In 2014, Daniel Howe, Mushon Zer-Aviv, and Helen Nissenbaum launched a privacy tool called AdNauseam. Its job was to confuse Google's ad targeting system by jamming Google with a bunch of false clicks. This way, Google would have difficulty in creating a summary profile of an internet user that actually aligned with their demographic details and interests.
Since 2019, according to the MIT Technology Review, the creators of the privacy tool have been working on creating an even better version of AdNauseam after it was banned by Google in 2017. Despite Google's claim that it can spot false clicks, AdNauseam is back in business, successfully running tests in which Google did not filter the majority of its clicks. T
he tool continues to help protect internet users from Google by inhibiting its power to create user profiles and suggest ads based on their browsing habits and history. It's a civic service, and one we should all encourage and support.
For years now, a dearth of regulation has allowed commercial surveillance and behavioral targeting to get ever more sophisticated. Meanwhile, the laws that do attempt to protect internet users from being invasively profiled online — including the California Consumer Privacy Act (which frequently appears for browsers) or the European Union's General Data Protection Regulation — have largely proven ineffectual.
Those legislative guidelines focus on limiting third-party advertisers' access to you. Google still maintains the power to be a first-party surveilling enterprise and continues to enjoy unquestioned access to your web browsing habits and history. Some even argue that these laws help Google by giving it a level of access third-parties can't achieve.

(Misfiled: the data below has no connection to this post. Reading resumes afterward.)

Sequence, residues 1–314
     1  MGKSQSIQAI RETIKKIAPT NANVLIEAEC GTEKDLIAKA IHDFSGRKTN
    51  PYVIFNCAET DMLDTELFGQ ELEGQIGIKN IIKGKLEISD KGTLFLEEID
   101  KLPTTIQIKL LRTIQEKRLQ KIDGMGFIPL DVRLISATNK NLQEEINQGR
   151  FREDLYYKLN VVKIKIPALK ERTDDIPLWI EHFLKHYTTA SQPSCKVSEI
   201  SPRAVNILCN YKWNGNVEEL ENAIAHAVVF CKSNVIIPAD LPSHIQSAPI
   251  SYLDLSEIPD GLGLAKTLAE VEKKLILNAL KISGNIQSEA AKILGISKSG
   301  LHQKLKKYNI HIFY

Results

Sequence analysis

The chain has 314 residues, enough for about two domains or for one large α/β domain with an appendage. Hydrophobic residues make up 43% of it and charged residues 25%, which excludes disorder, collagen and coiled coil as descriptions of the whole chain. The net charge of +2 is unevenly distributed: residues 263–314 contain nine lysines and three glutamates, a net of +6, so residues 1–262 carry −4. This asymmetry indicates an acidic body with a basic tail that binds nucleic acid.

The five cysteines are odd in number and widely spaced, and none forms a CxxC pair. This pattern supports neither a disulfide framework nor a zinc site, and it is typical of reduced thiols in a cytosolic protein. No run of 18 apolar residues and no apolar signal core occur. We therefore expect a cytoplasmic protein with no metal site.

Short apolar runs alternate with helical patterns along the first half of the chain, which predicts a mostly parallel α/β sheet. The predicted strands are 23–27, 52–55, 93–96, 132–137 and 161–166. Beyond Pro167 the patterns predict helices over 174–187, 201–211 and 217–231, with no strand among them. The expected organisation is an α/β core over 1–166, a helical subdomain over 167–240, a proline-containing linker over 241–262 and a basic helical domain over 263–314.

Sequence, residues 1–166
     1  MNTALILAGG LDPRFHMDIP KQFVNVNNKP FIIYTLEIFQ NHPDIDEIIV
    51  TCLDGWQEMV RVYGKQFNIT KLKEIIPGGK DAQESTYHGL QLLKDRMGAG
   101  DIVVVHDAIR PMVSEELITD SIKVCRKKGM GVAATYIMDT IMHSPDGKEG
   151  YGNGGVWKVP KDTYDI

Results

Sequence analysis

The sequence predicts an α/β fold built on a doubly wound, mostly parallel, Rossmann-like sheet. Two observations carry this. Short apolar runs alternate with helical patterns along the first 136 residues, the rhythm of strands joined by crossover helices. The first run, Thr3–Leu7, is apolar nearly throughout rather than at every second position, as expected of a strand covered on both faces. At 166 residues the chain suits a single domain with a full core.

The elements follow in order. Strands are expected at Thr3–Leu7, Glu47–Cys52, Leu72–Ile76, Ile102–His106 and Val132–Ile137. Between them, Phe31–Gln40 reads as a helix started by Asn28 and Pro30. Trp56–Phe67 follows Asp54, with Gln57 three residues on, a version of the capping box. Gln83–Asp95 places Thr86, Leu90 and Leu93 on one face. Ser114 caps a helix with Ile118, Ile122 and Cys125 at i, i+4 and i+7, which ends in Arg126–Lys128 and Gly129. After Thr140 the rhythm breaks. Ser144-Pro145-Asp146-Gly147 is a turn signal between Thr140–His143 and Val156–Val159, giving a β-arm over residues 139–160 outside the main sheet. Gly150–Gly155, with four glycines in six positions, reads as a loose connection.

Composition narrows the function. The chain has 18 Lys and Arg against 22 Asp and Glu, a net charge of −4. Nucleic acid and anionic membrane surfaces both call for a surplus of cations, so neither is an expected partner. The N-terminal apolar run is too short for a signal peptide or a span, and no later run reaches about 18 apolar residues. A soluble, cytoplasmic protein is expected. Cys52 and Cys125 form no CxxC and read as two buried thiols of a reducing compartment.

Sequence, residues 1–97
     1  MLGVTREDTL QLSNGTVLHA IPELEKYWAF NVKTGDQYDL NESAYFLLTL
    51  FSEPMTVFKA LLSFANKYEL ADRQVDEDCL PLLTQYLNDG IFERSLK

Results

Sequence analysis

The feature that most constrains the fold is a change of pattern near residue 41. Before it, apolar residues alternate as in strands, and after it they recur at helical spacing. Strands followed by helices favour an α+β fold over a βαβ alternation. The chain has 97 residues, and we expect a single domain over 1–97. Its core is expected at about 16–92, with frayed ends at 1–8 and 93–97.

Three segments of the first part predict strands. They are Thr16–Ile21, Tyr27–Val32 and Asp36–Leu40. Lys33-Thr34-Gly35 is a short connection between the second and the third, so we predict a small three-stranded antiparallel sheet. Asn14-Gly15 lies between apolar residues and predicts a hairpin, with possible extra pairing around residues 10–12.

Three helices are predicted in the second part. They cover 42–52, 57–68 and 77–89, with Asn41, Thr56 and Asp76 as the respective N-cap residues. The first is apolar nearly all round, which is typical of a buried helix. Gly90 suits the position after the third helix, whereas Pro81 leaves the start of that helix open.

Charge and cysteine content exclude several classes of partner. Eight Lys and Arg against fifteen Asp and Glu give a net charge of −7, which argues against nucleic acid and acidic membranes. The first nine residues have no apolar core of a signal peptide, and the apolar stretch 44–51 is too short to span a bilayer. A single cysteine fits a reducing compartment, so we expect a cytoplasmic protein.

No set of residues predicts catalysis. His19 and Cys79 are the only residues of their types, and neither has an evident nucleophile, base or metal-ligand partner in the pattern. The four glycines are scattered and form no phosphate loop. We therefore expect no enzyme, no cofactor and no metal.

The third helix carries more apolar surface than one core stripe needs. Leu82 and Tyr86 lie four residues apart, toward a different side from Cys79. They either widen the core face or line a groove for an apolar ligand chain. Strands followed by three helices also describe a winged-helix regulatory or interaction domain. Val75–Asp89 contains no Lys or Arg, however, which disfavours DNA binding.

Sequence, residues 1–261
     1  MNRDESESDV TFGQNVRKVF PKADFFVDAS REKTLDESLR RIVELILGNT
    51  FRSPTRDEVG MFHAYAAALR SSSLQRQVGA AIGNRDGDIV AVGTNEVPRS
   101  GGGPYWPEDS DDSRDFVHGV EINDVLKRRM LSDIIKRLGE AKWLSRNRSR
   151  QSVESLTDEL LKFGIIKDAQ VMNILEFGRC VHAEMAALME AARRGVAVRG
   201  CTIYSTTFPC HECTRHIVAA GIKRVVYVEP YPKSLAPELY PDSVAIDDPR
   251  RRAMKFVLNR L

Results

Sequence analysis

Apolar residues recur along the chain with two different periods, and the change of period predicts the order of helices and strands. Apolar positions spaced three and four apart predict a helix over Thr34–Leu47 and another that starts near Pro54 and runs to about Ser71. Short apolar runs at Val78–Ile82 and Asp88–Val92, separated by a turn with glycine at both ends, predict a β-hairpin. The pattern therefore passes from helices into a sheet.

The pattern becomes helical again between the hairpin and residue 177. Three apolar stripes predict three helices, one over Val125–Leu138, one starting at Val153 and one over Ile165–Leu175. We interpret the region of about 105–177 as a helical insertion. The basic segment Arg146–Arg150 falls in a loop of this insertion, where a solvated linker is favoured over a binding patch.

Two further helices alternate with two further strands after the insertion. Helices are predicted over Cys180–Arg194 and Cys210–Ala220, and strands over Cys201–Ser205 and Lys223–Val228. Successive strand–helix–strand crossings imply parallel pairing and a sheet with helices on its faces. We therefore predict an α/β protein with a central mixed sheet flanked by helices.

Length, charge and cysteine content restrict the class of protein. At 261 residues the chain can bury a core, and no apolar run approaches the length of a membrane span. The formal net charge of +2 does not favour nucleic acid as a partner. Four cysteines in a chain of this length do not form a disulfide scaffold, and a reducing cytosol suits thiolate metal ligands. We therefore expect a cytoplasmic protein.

What Google says — According to the report, Google spokeswoman Leslie Pitterson rejected claims that the company's defense system against automated ad-clicking is weak. "We detect and filter the vast majority of this automated fake activity," Pitterson said. "Drawing conclusions from a small-scale experiment is not representative of Google’s advanced invalid traffic detection methods and the ongoing work of our dedicated technology, policy, and operations teams that work to combat ad fraud every day."
"We invest heavily in detecting invalid traffic — including automated traffic from extensions such as AdNauseum [sic] — to protect users, advertisers, and publishers, as ad fraud hurts everyone in the ecosystem, including Google," Pitterson added.
What you can do — AdNauseam isn't the only privacy tool that helps thwart Google's attempts to digitally profile you. You can try TrackMeNot too. Pro-privacy advocates are constantly working on solutions that help increase online privacy. Of course, these tools do not cure the problem, but they're steps in the right direction. A stronger move is to stop using Google's products... but that's easier said than done.